Yum! Brands (NYSE:YUM) has traditionally operated restaurants seen as an alternative to the more traditional burgers and fries establishments offered by McDonald's (NYSE:MCD) and Restaurants Brands International's (NYSE:QSR) Burger King. The company owns Taco Bell, Pizza Hut, and KFC -- three non-burger chains that greatly expanded the fast-food market.

These days, McDonald's and Burger King face all sorts of burger-focused challengers. A number of companies have launched or expanded higher-end fast-casual burger chains that put pricing and quality pressure on the established burger-based players.

After focusing on being the alternative for so long, Yum! has decided to jump on that burger-based trend and take on the big players more directly by buying the Habit Burger Grill (NASDAQ:HABT) chain for $14 per share, or approximately $375 million.

The exterior of a Taco Bell.

Taco Bell has been marketed as a hamburger alternative. Image source: Yum!

What is Yum! doing?

It's a bold move that gives Yum! a brand that can stretch its appeal to new consumers. It's entering a very crowded space, but it can leverage what it already knows about its existing customers to deploy new Habit locations.

"As a fast-casual concept with strong unit economics, The Habit Burger Grill is a fantastic addition to the Yum! family and has significant untapped growth potential in the U.S. and internationally," said YUM! CEO David Gibbs in a press release.

Habit, he explained, offers higher-quality burgers than a traditional fast-food chain, but at a value price. That should position it well within the Yum! portfolio.

"The transaction is a win-win because it allows us to offer an exciting new investment to our franchisees and to expand an award-winning, trend-forward brand through the power of Yum!'s unmatched scale and strengths in franchising, purchasing and brand-building," said Gibbs.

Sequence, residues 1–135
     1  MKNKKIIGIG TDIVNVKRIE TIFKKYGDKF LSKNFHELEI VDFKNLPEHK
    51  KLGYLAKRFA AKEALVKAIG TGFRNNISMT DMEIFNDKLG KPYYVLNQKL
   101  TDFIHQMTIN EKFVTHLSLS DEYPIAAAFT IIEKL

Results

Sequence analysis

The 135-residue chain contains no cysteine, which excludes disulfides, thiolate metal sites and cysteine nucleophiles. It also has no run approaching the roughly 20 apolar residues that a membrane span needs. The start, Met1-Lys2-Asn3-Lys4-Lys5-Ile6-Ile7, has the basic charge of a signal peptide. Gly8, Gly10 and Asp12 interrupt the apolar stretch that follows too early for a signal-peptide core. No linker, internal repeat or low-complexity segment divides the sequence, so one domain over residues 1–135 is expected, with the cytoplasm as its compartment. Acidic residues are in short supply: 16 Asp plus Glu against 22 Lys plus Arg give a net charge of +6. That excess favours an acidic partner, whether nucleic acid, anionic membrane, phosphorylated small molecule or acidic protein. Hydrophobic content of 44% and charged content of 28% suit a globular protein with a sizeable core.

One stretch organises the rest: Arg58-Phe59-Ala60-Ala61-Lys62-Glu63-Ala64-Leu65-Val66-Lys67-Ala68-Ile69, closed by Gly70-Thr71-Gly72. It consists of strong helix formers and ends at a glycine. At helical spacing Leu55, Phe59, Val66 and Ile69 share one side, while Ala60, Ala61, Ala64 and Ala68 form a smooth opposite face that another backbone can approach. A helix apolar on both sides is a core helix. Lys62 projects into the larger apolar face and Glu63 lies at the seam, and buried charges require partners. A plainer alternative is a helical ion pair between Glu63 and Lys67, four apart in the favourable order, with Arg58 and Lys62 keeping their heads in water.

Why this is good for investors

Habit Grill faced a very tough road on its own. There are more than a few chains vying to be the fast-casual leader for burgers, and competing as a stand-alone is hard, especially when you offer a limited menu. Now Habit can open stand-alones and leverage existing multiunit Yum! locations. That should allow for relatively quick, well-planned expansion.

Shareholders got a roughly $3 per share premium from where Habit was trading at the previous close. That's a nice return that could easily be rolled into shares of the new, larger Yum!.

For Yum! investors, the benefits are obvious. The company gets a product line that has some positive name recognition that complements its existing offerings. That's a deal that's not always easy to find, and it's hard to not see Habit becoming the fourth pillar of the company's growth strategy.

Habit has been a technology-forward company, and Yum! can ramp that up. This is a case where the big company can learn from the smaller one, as well as the other way around.

"Over the past few years, we've focused on becoming a total access brand by growing our delivery business, expanding our online ordering and mobile channels and enhancing the in-store experience by introducing drive-thrus, kiosks and technology-centric solutions for operations," said Habit CEO Russell Bendel in the press release. 

It's very rare that a deal makes this much sense. Yum! could use a differentiated burger brand, and Habit could use a deep-pocketed owner. Both companies get what they need, and that should be good for shareholders.